records checks are requested by Juvenile Court Judges to be included in case plans and the Polk County Attorney's Juvenile Division conducts the
criminal records checks. Due to the high volume and need for this information in Polk County, the Department of Human Services utilizes portion
of a legal assistant's time to conduct the criminal records check.
Outcome:
DCAT5-14-017
Page 39 of 61
The contractor provided 1287 background checks in FY15. Funds from 5/31/13 SAM designation, specific to Specialized
Contracts.
Polk County Attorney
Diversion & Mediation
$20,360.00
Provides Diversion and Mediation Services for children and families in Polk county who are involved with the Juvenile Court or anticipated to
become involved with the Juvenile Court in an effort to solicit more compliance from the family members and avoid court involvement.
There were 20 Mediations provided through the Contractor for FY15. The contractor also bills for Diversion letters and
meetings, where the Social Worker and his/her Supervisor meet with a County Attorney with the parent(s) to discuss what
happens if they are not compliant with DHS requests for information or assessments, and for case consultation time with
Outcome:
Social Workers and their Supervisors. A representative from the Polk County Attorney’s office is normally present in the Polk
Child Welfare location for diversion meetings or other activities twice per week but only charges for diversion work provided.
Funds from 5/31/13 SAM designation, specific to Specialized Contracts.
DCAT5-12-075
Polk County Health Services
Decat Staff
$139,109.62
Provide coordination and fiscal agent services for Polk County Decategorization staff, which includes the Decat Coordinator and the Decat
Assistant.
No Quarterly report is required from this program. The Decat Coordinator and the Executive Director of PCHS work closely to
keep the budget and monthly expenditures in line with program and budgetary guidelines. The Executive Director of PCHS
provides monthly statements to the Coordinator. Kristine Hauptmann started as the new Decat Assistant in March, 2015,
Outcome:
replacing Jennifer Christensen. The Decat Board approved the addition of a Project Coordinator position, which is actually the
resurrection of a former position from years back, to assist in managing the variety and volume of special projects that Polk
Decat is involved in. Funds from FY13 and FY14 Decat Allocation.
DCAT5-14-159
Visiting Nurse Services of Iowa
Fatherhood Initiatives in Polk County
$46,408.49
This Contract is for the provision of services that engage non-custodial fathers with their children which includes but is not limited to Guided
Supervised Visits and Paternity Testing.
The Contractor served 13 families with Guided Supervised Visits (GSVs) in FY15, which is well under the target of 25.
However, a total 146 fathers were provided services other than GSVs, such as Paternity Testing and initial legal guidance.
Outcome:
Funds from 5/31/13 SAM designation specific to Specialized Contracts, FY15 MYFI funds and the 5/30/14 Chief designation for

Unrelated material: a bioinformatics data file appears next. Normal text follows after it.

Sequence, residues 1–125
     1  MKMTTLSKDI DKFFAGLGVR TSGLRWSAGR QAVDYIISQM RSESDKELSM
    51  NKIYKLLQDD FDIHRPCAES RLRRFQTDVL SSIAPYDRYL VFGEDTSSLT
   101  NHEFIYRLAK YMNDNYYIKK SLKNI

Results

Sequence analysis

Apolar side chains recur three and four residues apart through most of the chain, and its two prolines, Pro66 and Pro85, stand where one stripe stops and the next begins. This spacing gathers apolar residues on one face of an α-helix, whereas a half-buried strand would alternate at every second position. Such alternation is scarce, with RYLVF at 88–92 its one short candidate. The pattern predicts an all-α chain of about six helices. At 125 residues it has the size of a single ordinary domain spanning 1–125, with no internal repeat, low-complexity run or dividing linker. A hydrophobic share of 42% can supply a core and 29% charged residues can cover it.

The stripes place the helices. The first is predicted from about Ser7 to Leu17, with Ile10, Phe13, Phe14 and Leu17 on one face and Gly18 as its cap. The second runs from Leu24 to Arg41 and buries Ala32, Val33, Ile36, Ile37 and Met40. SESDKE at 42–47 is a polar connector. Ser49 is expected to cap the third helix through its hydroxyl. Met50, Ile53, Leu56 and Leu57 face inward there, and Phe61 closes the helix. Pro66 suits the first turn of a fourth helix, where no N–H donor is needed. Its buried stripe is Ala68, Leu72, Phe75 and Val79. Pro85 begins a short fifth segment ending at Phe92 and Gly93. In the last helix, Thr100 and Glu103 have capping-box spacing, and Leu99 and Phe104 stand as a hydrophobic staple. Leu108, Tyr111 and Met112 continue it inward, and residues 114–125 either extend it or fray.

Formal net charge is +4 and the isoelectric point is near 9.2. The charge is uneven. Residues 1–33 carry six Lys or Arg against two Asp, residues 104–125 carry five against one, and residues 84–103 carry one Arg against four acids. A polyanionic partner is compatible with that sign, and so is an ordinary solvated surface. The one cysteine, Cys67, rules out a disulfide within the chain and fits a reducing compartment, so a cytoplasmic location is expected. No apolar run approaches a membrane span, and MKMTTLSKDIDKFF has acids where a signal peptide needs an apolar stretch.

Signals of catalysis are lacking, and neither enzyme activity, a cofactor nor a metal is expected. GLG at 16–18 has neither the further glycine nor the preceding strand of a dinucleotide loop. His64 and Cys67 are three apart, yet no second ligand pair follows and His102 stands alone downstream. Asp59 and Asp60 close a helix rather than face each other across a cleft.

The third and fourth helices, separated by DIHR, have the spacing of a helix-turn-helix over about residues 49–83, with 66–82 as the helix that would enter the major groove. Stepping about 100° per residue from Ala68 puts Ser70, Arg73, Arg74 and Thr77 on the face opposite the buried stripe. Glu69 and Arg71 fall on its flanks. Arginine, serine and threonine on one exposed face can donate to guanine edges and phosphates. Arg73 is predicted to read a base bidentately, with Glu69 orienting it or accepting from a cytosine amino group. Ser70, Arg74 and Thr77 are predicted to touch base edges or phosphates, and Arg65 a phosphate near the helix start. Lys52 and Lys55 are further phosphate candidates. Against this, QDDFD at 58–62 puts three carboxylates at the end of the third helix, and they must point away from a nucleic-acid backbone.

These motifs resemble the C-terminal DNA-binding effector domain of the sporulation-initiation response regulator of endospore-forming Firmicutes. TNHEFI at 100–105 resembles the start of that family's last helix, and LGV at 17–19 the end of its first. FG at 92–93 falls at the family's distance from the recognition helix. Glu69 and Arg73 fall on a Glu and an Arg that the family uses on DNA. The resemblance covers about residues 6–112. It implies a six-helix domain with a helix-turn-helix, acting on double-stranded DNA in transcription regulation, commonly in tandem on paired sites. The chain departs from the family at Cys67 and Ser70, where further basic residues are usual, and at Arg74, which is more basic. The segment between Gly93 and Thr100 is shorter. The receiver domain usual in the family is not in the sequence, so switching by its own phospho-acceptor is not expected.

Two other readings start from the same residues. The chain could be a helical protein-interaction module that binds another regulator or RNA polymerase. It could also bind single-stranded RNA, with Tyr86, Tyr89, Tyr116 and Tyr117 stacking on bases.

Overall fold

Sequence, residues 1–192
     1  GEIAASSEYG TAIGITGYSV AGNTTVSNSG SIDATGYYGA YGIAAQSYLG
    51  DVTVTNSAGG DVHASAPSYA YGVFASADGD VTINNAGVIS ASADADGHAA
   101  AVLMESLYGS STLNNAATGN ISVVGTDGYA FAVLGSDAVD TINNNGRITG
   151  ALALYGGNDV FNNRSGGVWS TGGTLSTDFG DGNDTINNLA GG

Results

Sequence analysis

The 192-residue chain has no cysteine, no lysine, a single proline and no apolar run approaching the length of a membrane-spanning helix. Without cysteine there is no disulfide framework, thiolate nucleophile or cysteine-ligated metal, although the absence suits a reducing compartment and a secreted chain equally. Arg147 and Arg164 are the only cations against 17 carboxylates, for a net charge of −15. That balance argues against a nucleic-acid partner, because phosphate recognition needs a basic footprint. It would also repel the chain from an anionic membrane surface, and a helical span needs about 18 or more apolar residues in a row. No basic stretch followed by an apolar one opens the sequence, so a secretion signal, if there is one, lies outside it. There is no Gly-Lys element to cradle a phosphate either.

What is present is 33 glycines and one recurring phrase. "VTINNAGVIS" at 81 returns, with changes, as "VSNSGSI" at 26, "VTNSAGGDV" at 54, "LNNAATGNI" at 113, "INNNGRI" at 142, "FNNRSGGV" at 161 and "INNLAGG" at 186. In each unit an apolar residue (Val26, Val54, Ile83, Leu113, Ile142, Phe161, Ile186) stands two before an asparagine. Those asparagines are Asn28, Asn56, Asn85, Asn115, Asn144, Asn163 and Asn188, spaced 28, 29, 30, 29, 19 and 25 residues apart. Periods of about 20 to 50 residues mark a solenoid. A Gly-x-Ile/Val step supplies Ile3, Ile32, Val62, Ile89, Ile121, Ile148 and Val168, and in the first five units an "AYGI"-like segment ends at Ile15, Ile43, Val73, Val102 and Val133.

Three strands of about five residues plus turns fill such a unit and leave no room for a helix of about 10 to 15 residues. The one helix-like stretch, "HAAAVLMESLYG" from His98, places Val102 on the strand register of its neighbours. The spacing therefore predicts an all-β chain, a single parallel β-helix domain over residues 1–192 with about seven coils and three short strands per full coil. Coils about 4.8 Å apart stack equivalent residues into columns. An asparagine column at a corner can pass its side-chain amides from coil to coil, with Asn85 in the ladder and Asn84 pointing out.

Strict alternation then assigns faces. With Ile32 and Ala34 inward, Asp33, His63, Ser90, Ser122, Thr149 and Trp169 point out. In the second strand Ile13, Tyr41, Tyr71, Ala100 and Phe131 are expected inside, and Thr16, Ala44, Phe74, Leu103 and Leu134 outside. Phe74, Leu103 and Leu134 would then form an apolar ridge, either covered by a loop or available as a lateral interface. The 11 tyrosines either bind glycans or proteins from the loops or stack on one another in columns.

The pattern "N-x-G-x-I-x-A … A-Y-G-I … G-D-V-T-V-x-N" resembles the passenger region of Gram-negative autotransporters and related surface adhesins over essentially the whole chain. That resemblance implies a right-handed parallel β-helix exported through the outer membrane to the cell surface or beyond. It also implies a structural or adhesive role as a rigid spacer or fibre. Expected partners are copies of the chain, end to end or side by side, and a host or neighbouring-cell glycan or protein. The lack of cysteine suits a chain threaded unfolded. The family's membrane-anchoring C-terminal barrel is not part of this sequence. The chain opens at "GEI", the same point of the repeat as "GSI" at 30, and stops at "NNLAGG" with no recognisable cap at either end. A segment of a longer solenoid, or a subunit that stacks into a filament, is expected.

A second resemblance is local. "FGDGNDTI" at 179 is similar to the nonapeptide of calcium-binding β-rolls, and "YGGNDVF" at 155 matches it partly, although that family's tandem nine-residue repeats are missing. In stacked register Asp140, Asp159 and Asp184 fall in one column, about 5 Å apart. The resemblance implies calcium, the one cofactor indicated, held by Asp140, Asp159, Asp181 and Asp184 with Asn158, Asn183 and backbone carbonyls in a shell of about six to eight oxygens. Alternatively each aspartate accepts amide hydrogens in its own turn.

at-risk youth.
DCAT5-14-160
Polk County Health Services
Youth, Family & Community Supports
$54,994.38
The contract will support services and activities that address youth self-esteem and behavior, parent, and partnering agencies’ skill-building as
well as initiatives of Polk Community Partnerships for Protecting Children.
Several services were covered under this contract, including the Decat mini-grants. See above report for the mini-grant and
project summaries and outcomes. CPPC initiatives were supported under this contract (with DHS State Carry-over dollars) as
Outcome:
well as 1 session of the Strong African American Families (SAAF) parenting class. Funds from 5/31/13 SAM designation for
Specialized Contract, CPPC strategies, “other service needs”, also from the 10/11/13 SAM designation for CPPC Strategies,
Page 40 of 61
and the 8/16/13 Chief designation for delinquency diversion and early intervention services.
DCAT5-13-184
Children & Families of Iowa
Fiscal Agent Wraparound Services
$220,158.44
This contract serves as a vehicle to provide various wraparound services to DHS involved families and children. The most common types of
assistance include monthly bus passes, bus tokens, Walmart cards (food, clothing, baby supplies, bedding, etc.) and Kum & Go cards for gasoline.
Also covered by these funds are Psychological Evaluations and counseling sessions, rental assistance, utility assistance and various other forms of
transportation.
Juvenile Court Services added funds to this contract again in FY15 to provide concrete supports to their youth and some of the
parents who had needs being able to get youth to services. With the exception of one DHS and one JCS Supervisor, most
Supervisors spent well under their budgeted amounts. Decat reports the Flex Fund aggregated expenditures on a monthly
basis to the DHS SAM and SWAs as well as the JCS Supervisors and Chief. In FY15, charges for court-ordered transports,
Outcome:
paternity testing, and psychological evaluations discontinued to be paid for out of this contract. The Contractor again
provided exceptional service under this contract, with most checks processed under 24 hours. Contractually, they have 5
business days to process non-emergency checks and 24 hours to process an emergency check. Funds from 5/31/13 SAM
designation for Flex funds and FY15 MYFI funds as well as the 3/28/14 Chief designation for Flex/Wraparound funds for youth.
DCAT5-13-188
Children & Families of Iowa
CPPC Administration
$22,000.00